A new look at Management of the Covid-19 pandemic

The Saint-Côme Polyclinic, Compiègne, like many other French hospital sites, has had to deal with the first wave of the coronavirus. The establishment was, with those of Compiègne and Creil, among the first in the country to be affected by this new disease at the end of February 2020 with the Oise cluster. Its teams had to mobilise and reorganise themselves to deal with the then epidemic in order to ensure, in collaboration with the public hospital, the care of Covid-19 patients.

A new look at Management of the Covid-19 pandemic

Close to Crépy-en-Valois, France's first noted Covid cluster, the hospitals of Creil, Compiègne and the Saint-Côme polyclinic were the first to enter crisis mode. Three weeks before the rest of the country, they were already heavily impacted by the coronavirus SARS-CoV-2. "Crépy-en-Valois was one of the first epidemic foci. Then we were heavily impacted, because of the government's hesitation about what to do at first. It's true that at that time we didn't know much about the virus and its extent. We quickly had to organise ourselves to deal with this epidemic with Covid patients and staff quarantined," says Vincent Vesselle, director of the Saint-Côme polyclinic, the largest private clinic in the Picardy region. It has nearly 800 workers, including 550 salaried staff, the city's second largest employer. Apart from Covid-19, the establishment treats 15 000 other patients every year, 25 000 in A&E visits, 1 300 maternity deliveries, 5,000 chemotherapy treatments, i.e., one in three cancers in the Oise region, and 15 000 dialysis treatments. The integration of new practitioners and new activities have moreover called for the completion of a building extension in 2019 (cost €10m) for this establishment, which was only recently opened in 2009.

Public and private hospital hand in hand

Between the GHPSO (Groupe Hospitalier Publicier Sud Oise), the Beauvais hospital, the Compiègne hospital and the Saint-Côme clinic, a territorial coordination unit has been organised to exchange and offer mutual assistance. This includes a daily telephone conference with the Samu's regulating doctor. "At the beginning of the Covid-19 health crisis, it was very complicated to deal with all the actions that needed to be taken. Especially in regard to masks. One day, they were recommended; the next, they were not. Not to mention the problems with the supply of medicines and materials. We are lucky in this area to live in very good harmony with the public hospitals. So we worked together," says the director, who very quickly decided to suspend all non-urgent interventions in order to admit Covid-19 patients in support of the hospital. In May, the activity resumed almost normally with the care programme of patients who had not been able to be taken care of before. The clinic has a total of 270 beds, places and posts. "The second wave has been easier to manage because we are less unprepared and better prepared. There is even a lull at the end of the year." Picardy was very affected for the first wave; however, for the second wave, it was more preserved than the Hauts de France (Nord) and Ile-de-France. Nevertheless, it was necessary to increase the capacity of intensive care units (ICUs) to meet the needs of Covid-19 patients, knowing that other pathologies continued to be treated to avoid loss of opportunity for patients.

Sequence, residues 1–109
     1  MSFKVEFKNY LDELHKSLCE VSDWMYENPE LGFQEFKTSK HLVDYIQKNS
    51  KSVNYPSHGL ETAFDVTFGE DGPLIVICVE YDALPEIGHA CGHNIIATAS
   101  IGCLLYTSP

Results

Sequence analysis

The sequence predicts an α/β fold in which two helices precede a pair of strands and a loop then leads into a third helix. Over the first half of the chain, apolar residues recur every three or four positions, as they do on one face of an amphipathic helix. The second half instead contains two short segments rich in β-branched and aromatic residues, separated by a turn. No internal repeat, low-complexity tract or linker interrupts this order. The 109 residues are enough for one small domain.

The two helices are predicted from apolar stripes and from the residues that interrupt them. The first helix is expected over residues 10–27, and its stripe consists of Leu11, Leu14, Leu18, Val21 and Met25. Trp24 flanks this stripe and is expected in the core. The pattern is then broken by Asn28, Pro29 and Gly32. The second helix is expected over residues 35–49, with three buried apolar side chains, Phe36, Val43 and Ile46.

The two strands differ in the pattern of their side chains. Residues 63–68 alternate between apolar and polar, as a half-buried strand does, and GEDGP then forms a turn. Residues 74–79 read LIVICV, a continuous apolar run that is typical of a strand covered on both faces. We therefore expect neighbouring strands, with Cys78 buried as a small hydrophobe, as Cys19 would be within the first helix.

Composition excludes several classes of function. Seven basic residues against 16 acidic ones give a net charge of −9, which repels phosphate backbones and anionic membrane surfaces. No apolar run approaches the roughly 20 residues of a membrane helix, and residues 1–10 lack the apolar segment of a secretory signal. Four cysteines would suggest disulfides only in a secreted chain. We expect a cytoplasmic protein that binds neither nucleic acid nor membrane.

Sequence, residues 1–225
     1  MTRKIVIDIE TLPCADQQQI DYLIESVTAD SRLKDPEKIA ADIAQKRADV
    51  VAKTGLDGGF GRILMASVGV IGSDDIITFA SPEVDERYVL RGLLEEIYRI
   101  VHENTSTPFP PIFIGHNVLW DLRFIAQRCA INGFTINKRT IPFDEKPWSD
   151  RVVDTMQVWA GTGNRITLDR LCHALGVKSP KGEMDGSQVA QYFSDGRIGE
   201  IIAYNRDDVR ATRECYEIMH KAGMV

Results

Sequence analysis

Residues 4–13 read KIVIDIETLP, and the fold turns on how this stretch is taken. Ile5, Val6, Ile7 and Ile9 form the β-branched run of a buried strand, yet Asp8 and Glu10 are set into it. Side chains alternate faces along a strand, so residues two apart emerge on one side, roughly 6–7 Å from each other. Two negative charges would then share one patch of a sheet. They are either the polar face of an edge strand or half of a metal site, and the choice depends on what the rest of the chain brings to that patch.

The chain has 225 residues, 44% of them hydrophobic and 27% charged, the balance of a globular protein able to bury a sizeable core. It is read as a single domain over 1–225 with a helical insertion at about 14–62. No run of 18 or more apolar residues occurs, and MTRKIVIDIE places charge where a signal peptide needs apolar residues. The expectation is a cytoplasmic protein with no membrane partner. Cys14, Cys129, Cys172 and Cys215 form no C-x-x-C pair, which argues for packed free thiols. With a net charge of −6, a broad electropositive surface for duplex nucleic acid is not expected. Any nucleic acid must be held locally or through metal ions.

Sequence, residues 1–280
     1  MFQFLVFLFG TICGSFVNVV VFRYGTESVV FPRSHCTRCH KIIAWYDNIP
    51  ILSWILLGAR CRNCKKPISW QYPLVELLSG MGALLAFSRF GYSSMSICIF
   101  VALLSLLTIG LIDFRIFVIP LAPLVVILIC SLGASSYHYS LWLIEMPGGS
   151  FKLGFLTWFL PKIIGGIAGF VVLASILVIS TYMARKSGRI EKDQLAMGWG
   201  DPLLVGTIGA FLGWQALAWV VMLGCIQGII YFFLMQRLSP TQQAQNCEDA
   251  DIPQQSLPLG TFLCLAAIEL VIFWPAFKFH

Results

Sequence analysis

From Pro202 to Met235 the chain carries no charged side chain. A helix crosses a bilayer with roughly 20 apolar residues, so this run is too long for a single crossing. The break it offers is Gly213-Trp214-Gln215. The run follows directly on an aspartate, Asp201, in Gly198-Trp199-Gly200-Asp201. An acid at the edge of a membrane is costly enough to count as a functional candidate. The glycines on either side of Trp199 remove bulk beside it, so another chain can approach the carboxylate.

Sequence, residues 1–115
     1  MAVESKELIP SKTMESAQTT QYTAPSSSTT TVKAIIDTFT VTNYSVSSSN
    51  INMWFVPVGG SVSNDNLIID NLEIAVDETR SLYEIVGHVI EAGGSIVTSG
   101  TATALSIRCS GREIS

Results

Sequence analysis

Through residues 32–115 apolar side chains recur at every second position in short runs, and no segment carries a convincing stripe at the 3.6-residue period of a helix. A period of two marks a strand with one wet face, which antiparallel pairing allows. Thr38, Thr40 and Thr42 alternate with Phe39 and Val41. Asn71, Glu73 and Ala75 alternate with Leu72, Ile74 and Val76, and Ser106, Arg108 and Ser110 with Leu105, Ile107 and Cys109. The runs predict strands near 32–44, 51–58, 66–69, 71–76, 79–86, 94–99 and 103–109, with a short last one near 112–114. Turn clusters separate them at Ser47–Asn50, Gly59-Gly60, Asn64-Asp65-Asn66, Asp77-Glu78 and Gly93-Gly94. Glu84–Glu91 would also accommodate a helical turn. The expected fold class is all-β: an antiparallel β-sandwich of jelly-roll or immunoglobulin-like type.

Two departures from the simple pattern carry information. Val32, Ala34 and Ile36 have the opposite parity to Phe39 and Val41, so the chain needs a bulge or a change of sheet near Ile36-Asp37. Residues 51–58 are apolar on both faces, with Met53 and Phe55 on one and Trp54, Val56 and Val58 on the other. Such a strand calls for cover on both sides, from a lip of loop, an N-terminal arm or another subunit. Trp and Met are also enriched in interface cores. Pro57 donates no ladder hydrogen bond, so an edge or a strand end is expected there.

A UTC graduate at the head of the Saint-Côme Polyclinique

Vincent Vesselle, a biomedical engineering graduate by training, is a UTC alumus. He has been at Head of the Saint-Côme Polyclinic, Compiègne since 2006 and also chairs GIE CIMA, Compiègne's advanced medical imaging centre. This GIE is a 50/50 collaboration between the Saint-Côme Polyclinic and the Compiègne Hospital. It manages the authorisations for Compiègne's 3 MRIs, its PET scan and 2 gamma cameras. Historically, there is a strong partnership between the GIE and UTC and the engineers from UTC have access to the MRI units for training purposes. The UTC also has an Inserm unit that works closely with the radiology department - ACRIM - set up on the site of the Saint-Côme Polyclinic for imaging research work. This involves work on the new technique of elastography by magnetic resonance (ERM), in a collaborative venture with the Mayo Clinic (Rochester, USA).